I work in the clinical research industry and most of my work centers around the genetic aspects of neurodevelopmental disorders.
Getting to understand the science and pathophysiology of these disorders have been a humbling experience for me.
As a result of my work, I now have significantly more knowledge than most of the general population, and understand the scientific and genetic basis of several disorders.
These include Autism Spectrum Disorders (ASD), Fragile X Syndrome, Tuberous Sclerosis Complex, Rett Syndrome, and a host of other disorders that are not generally familiar with the rest of the population.
Every opportunity I get to interact with the parents and caregivers of these incredible citizens reemphasizes for me, what loving someone else truly means.
I see the love, devotion, and admiration splayed across the faces of these brave caregivers for their wards, and in being around such people, you can never afford to feel anything else but love and pure admiration.
These caregivers are parents, family members or other well-meaning citizens of the public, who patiently provide care for this population of people who otherwise may not be able to help themselves.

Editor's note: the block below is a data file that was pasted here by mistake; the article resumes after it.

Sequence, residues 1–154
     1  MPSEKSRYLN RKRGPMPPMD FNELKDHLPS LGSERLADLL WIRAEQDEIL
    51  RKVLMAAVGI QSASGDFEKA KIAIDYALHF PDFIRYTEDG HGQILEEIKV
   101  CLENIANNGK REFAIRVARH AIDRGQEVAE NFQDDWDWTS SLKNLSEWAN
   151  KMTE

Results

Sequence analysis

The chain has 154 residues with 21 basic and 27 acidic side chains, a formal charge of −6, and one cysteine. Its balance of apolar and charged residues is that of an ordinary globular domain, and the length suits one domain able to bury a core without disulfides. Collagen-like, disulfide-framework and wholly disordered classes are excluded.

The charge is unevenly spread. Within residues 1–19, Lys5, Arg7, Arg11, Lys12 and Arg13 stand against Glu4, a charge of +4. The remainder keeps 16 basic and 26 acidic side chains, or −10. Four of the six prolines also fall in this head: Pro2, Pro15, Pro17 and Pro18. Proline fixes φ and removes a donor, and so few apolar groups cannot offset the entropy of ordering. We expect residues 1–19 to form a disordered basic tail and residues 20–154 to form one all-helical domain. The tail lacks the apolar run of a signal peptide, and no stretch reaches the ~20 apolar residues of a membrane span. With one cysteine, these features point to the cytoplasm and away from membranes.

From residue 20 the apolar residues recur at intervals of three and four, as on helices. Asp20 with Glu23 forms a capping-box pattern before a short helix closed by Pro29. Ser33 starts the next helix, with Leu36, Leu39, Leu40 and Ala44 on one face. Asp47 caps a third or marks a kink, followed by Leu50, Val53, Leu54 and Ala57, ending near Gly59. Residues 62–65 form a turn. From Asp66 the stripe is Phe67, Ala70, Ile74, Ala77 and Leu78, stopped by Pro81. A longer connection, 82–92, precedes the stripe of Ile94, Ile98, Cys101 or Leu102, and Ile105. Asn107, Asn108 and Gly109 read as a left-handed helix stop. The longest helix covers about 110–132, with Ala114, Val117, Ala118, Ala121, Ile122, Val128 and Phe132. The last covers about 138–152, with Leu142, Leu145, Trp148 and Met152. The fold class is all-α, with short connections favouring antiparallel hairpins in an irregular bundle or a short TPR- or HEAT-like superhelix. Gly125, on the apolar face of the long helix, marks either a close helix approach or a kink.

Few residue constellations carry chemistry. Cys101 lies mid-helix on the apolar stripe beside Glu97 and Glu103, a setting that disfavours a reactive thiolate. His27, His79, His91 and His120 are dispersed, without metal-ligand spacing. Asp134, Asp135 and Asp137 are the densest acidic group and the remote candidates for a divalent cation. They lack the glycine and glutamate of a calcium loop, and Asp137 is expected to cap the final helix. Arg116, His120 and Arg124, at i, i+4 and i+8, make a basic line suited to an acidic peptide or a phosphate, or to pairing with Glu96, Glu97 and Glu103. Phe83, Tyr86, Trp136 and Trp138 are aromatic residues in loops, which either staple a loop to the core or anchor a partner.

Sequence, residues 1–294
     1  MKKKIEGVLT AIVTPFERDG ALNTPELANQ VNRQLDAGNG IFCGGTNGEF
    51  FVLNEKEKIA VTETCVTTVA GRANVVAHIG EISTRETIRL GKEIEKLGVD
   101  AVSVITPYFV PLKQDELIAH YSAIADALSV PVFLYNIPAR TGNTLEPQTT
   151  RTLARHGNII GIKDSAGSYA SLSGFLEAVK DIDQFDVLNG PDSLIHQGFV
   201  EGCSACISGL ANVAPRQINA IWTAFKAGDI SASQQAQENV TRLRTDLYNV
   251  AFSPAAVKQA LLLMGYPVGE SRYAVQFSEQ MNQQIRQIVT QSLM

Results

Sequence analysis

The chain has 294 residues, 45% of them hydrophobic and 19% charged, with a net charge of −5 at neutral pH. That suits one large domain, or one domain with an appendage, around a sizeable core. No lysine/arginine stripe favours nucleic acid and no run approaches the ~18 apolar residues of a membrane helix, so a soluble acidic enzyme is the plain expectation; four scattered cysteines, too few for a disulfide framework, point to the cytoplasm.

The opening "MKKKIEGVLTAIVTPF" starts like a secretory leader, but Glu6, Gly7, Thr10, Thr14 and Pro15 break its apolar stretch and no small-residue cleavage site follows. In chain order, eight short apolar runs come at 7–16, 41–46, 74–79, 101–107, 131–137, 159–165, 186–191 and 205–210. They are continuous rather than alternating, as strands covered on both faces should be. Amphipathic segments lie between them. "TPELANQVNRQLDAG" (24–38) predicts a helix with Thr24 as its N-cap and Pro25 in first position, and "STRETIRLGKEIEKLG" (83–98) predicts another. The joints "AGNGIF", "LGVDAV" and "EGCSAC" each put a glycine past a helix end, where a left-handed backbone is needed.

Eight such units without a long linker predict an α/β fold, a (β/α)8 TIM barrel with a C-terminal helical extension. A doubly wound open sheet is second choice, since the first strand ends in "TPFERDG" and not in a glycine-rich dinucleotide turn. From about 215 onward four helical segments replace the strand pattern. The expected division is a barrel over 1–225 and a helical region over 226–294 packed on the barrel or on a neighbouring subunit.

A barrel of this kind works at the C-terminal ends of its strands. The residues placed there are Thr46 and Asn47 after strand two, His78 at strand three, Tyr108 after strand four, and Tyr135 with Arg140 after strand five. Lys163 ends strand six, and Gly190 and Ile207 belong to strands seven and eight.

Therefore, it is very disheartening to learn that in some parts, people living with disabilities are still stigmatized, maligned and even discriminated against.
This practice, apart from being awful, is actually wrong. Because people living with disabilities in most cases had no say in how they became that way.
In many of these individuals, genetics had a greater role to play, rather than their own innate abilities- physical, mental, social or otherwise.
These people are just victims of nature’s circumstances and thus deserved to be loved and appreciated for the unique people that they are.
Thankfully, there is a lot of ongoing research in Autism Spectrum Disorder (ASD) and other neurodevelopmental disorders, aimed at improving the quality of life for all the awesome individuals living with neurodisabilities.
Hopefully, science may help us answer all our burning questions, someday.
Are you wondering how you can be a part of the campaign to de-stigmatize those living with neurodisabilities?
Why don’t you start by supporting Autism Outreach efforts, with April being the World Autism month? Check your local communities’ websites and see how you can support these incredible groups of people.
So, rather than stigmatization, let us shine some light on these gifted and incredible set of people. Because being kind and accepting of them goes to show the true meaning of your love for the rest of humanity!
All the very best,